When I was two and a half, my grandfather exposed himself and had me ”interact ” with his… well, anyway. I have no memories of this, at all, I’ve gotten the info third hand from therapists who also worked w my parents. I’ve been in therapy since I was 7, have a deep distrust of men, and hate to be touched, even by my husband sometimes. You don’t have to remember to be broken.

He brought me over to the side of the house and made me give him a blow job. I was like, 6? He was like, 8 or 9? He threatened that he’d stab me with his pocket knife if I didn’t. It didn’t really dawn on me that it was a big deal at the time. I told my mom and she just kind of brushed it off and told me I shouldn’t go with him beside the house any more. His parents were messed up. They weren’t around, so he lived with his grandparents who lived two doors away from me. I remember i started, and his penis was gross, so I ran away. I don’t really feel it’s impacted me… I honestly probably wouldn’t have remembered it but for the fact it happened to two of my friends too and we talked about it. He independently at different times did the same thing to two other girls. He was probably victimized himself by someone. Or at least exposed to wildly age inappropriate stuff.

I was molested three different times as a boy: at summer church camp when I was about 9; by an older cousin when I was about 11; and by a “friend of my parents” when I was 17. Each of these occurred over a period of time, none was a single event. I disclosed none of these to my parents or anyone close to me at the time until the last one. I am now 50-something. These acts against me have affected me in different ways at different times in my life.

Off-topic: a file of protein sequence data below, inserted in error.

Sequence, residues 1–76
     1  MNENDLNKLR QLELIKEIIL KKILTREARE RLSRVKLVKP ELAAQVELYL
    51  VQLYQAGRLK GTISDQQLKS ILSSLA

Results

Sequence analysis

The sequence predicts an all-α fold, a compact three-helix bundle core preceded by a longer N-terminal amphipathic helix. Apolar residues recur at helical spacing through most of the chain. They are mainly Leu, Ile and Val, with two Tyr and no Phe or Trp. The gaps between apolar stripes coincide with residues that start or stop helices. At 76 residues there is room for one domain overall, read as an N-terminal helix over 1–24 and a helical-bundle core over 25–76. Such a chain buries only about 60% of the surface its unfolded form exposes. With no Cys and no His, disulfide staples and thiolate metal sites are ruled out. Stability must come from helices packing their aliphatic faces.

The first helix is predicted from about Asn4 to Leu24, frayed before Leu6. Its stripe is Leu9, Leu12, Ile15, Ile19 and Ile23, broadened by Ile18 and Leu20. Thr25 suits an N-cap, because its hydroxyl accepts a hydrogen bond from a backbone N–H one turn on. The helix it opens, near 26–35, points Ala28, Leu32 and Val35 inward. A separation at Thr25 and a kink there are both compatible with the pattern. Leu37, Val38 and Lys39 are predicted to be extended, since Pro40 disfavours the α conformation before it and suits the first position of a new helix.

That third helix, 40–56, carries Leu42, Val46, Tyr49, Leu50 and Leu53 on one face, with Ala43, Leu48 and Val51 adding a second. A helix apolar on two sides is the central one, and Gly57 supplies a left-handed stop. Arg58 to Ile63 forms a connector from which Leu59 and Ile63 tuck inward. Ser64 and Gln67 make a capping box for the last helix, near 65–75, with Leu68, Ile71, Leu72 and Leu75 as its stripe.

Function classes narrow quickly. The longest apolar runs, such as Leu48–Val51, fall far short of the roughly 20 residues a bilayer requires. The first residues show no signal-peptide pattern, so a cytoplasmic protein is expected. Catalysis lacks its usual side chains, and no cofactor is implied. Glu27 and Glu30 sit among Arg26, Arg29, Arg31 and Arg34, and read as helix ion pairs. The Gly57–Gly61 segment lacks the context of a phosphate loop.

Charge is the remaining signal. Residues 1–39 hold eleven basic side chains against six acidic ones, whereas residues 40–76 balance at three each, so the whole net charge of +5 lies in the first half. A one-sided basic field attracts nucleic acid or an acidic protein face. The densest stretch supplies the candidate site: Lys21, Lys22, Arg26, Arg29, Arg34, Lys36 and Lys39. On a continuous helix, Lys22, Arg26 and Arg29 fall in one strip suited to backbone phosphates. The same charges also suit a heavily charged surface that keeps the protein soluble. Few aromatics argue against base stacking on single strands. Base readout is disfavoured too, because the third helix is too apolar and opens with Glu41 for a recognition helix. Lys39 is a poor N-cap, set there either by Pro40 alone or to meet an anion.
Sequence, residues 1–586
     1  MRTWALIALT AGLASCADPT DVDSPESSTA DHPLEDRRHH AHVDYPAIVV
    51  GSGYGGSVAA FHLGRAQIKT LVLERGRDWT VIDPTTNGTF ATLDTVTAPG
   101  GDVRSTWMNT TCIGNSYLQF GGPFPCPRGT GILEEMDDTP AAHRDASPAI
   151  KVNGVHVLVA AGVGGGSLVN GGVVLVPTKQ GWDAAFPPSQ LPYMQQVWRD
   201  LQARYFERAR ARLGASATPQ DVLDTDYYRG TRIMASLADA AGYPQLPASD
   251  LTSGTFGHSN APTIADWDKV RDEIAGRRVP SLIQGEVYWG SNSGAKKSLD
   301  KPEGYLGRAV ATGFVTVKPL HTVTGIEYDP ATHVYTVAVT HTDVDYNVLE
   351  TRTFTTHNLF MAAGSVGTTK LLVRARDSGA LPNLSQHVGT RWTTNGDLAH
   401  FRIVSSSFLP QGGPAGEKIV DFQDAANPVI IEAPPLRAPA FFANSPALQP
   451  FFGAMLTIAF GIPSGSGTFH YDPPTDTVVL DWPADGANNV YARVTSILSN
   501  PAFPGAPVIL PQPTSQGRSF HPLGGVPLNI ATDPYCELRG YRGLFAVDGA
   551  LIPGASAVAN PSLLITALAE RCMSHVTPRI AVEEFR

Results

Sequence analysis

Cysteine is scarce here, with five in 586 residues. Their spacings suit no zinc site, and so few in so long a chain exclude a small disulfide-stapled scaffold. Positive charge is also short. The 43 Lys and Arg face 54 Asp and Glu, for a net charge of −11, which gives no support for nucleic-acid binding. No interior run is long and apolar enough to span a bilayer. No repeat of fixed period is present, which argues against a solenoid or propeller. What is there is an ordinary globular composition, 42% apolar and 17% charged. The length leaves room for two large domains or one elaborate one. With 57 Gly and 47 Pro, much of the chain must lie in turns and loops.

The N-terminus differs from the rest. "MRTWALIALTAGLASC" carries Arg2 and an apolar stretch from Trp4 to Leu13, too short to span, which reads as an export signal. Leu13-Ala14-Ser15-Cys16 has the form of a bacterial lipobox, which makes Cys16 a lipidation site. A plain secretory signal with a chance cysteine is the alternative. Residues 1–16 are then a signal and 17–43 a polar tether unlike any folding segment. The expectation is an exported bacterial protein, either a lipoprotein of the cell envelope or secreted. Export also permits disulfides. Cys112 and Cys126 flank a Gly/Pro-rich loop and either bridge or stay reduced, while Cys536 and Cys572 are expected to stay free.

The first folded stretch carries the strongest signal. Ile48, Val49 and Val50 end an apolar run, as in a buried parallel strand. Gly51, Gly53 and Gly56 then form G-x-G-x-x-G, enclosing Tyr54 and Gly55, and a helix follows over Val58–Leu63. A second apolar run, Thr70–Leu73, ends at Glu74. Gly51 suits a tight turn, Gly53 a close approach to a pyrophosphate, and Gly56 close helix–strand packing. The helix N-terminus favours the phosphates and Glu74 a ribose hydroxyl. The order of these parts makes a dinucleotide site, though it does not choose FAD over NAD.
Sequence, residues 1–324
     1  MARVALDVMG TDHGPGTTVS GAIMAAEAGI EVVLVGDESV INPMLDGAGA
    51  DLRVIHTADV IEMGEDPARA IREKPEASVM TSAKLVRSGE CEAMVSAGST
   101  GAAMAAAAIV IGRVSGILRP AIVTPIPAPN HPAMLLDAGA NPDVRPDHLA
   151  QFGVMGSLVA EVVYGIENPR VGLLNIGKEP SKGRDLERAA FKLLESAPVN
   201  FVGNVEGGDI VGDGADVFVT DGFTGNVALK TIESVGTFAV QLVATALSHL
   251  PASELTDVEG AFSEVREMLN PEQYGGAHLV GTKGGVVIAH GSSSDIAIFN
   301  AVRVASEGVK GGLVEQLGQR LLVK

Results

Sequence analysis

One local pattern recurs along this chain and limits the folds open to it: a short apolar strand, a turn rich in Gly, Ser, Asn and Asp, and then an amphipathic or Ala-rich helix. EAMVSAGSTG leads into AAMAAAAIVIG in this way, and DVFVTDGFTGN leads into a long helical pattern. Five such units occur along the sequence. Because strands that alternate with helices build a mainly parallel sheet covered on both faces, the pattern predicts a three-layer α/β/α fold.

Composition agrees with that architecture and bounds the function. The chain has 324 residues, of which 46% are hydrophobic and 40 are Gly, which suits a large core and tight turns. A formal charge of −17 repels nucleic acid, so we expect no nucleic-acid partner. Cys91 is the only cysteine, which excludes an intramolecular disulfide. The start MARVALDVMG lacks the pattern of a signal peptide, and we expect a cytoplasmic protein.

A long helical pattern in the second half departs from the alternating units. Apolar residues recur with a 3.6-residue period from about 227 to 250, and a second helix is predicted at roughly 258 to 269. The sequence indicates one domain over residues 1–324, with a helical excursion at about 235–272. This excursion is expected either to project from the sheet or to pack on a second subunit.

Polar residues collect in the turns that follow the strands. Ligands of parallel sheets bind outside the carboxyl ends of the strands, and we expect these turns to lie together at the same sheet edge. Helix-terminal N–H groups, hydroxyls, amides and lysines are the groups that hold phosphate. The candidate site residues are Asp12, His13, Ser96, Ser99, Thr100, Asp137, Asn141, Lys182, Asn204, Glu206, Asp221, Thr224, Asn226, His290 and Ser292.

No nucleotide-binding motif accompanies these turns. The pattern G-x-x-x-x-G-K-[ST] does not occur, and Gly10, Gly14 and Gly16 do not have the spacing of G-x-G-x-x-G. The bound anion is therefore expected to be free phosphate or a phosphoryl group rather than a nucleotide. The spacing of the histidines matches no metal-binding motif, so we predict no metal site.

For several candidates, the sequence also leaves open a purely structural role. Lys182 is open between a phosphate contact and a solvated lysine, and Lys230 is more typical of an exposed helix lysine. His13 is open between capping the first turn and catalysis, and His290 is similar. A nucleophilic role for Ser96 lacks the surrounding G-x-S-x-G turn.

When it first happened at camp, I just wanted to make myself hide, I just wanted to forget about it. I wanted to go on and enjoy camp and enjoy my life the way it had been…but I felt different. I felt embarrassed. I felt like I had let down my parents who had told me not to let anyone touch me “down there.” But I think I forgot about it…until the next occurrence, with my cousin. I felt so many things then: shock, betrayal, numbness, sick to my stomach. I begin to wonder, “What was it about me?” that this had happened again. After the “family friend,” I felt major betrayal. I developed a deep distrust of older men. If someone older acted in a friendly manner toward me, I wondered what they were up to…and I found myself thinking how would I respond if they tried to touch me? And I really, really, really wondered, “What is wrong with me? Why me? Why again? Will this always keep happening to me?” I felt powerless. I was confused about my sexuality, too.